You might notice right away that the word “diction” sounds a lot like the beginning of “dictionary.” That makes a lot of sense—diction has to do with your use of words.
The English word “diction” comes from the Proto-Indo-European root deik-, which means “to show” or to “pronounce solemnly.” Whether you’re speaking, writing, or singing, diction always has something to do with how you articulate meaning.
The Greek philosopher Aristotle was one of the first people to write about diction in relation to performing arts. In his day, diction described the metrical composition of spoken lines.
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In modern times, there are two main use cases for diction. Think of it this way—your English teacher and your singing instructor would use the word “diction” to mean two very different things.
When your English teacher talks about diction, she’s referring to the choice of words made by a writer or orator. Word choice functions as a rhetorical device, and you can use an author’s technique as a tool to analyze literature. Not only can diction tell you something about an author’s intent, but you can also look to diction to understand how the author communicates character, setting, and mood.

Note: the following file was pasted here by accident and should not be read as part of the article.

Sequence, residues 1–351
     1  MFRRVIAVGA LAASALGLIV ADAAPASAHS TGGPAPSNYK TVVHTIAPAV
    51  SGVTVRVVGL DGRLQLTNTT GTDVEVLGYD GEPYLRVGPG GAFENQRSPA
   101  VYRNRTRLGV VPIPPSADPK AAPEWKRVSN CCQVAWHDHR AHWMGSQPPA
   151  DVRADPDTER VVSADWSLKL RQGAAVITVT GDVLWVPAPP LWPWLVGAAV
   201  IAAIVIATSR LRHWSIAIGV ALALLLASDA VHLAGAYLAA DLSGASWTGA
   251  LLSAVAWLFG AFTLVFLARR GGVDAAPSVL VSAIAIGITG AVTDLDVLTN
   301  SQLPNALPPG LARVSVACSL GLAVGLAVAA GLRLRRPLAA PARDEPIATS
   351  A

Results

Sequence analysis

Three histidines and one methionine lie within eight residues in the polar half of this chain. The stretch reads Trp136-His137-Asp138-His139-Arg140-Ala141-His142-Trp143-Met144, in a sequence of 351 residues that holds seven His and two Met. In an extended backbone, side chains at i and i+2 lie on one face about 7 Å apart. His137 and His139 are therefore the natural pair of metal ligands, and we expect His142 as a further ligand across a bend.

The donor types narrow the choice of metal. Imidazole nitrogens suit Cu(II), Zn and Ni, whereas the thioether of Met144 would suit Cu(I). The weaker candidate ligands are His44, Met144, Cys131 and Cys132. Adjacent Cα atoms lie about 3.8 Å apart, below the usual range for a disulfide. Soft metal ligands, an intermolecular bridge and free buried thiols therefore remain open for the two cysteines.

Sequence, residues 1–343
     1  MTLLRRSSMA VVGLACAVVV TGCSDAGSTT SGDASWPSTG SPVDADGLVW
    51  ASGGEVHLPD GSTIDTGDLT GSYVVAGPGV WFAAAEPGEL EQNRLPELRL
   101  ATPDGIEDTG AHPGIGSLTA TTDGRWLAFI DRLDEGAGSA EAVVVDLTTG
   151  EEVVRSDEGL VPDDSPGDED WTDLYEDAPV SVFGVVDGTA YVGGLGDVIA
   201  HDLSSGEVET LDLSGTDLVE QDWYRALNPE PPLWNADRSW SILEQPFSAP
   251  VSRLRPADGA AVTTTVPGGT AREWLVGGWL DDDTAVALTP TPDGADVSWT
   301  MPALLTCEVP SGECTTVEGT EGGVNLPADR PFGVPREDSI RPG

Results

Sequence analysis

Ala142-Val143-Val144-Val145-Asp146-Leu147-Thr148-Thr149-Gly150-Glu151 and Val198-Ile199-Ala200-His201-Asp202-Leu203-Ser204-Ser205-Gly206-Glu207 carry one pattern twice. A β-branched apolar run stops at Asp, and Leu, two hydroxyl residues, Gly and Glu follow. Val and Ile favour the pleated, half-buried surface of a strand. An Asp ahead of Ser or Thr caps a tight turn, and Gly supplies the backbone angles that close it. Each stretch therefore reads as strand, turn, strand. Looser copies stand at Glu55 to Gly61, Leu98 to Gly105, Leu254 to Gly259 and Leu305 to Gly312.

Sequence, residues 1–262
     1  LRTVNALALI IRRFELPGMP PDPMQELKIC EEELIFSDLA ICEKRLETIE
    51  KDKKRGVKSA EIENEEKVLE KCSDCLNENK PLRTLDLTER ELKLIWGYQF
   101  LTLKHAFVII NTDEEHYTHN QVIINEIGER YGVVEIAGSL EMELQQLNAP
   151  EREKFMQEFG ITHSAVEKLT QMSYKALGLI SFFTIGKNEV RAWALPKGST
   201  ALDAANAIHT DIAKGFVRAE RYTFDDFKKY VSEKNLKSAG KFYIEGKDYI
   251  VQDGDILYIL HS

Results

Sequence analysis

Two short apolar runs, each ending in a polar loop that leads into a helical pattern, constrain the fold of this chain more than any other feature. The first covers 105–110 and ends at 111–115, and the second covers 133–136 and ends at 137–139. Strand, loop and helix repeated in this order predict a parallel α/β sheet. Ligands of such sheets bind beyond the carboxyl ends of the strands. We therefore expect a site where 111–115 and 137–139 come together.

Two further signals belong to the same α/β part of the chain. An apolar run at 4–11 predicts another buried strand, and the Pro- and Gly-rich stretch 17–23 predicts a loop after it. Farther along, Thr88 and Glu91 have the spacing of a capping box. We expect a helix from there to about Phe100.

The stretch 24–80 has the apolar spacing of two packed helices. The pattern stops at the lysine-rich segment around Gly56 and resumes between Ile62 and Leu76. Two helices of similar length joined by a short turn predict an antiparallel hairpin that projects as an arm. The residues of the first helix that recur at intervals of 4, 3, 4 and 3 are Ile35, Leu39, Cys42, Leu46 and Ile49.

In contrast, a performance teacher would use the word to refer to pronunciation. He might give you tips to improve your diction while singing an aria from an opera. Good diction, in this case, would ensure that the audience understands the words that you sing.
Word Choice vs. Enunciation
In literature, diction has to do with word choice. In this context, a synonym for diction would be “vocabulary.” You could use the word “diction” to describe the choice of words in a speech, as well.
In the performing arts, diction means clear articulation. The word is most commonly used in vocal music, but it can refer to enunciation in a dramatic production as well. If you’re a performer, a director may give you notes to improve your vocal inflection and elocution. Usually, the goal of working on diction is to make your words easier to hear and understand during a performance.
Interestingly, in a theatrical context, you can talk with a director about both types of diction. You might discuss the diction that the playwright chooses, then work to develop better diction by practicing challenging tongue twisters.